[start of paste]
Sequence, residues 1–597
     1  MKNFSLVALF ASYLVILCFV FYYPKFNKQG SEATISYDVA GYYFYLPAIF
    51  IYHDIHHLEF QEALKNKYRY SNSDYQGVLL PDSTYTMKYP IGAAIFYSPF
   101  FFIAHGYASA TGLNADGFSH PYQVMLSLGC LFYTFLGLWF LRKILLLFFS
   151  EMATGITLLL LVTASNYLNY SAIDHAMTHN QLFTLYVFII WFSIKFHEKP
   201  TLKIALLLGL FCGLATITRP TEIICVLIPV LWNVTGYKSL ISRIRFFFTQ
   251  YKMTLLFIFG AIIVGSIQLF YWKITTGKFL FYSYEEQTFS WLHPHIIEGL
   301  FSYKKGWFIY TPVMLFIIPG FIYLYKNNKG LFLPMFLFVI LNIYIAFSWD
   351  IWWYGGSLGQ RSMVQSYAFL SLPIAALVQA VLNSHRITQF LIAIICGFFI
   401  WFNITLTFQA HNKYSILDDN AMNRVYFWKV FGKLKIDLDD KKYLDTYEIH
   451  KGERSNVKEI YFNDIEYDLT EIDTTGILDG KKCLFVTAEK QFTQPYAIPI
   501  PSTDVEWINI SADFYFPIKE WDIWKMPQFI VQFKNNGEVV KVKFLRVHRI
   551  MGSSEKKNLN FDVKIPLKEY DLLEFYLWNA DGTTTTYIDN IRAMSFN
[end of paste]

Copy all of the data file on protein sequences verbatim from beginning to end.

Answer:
Sequence, residues 1–597
     1  MKNFSLVALF ASYLVILCFV FYYPKFNKQG SEATISYDVA GYYFYLPAIF
    51  IYHDIHHLEF QEALKNKYRY SNSDYQGVLL PDSTYTMKYP IGAAIFYSPF
   101  FFIAHGYASA TGLNADGFSH PYQVMLSLGC LFYTFLGLWF LRKILLLFFS
   151  EMATGITLLL LVTASNYLNY SAIDHAMTHN QLFTLYVFII WFSIKFHEKP
   201  TLKIALLLGL FCGLATITRP TEIICVLIPV LWNVTGYKSL ISRIRFFFTQ
   251  YKMTLLFIFG AIIVGSIQLF YWKITTGKFL FYSYEEQTFS WLHPHIIEGL
   301  FSYKKGWFIY TPVMLFIIPG FIYLYKNNKG LFLPMFLFVI LNIYIAFSWD
   351  IWWYGGSLGQ RSMVQSYAFL SLPIAALVQA VLNSHRITQF LIAIICGFFI
   401  WFNITLTFQA HNKYSILDDN AMNRVYFWKV FGKLKIDLDD KKYLDTYEIH
   451  KGERSNVKEI YFNDIEYDLT EIDTTGILDG KKCLFVTAEK QFTQPYAIPI
   501  PSTDVEWINI SADFYFPIKE WDIWKMPQFI VQFKNNGEVV KVKFLRVHRI
   551  MGSSEKKNLN FDVKIPLKEY DLLEFYLWNA DGTTTTYIDN IRAMSFN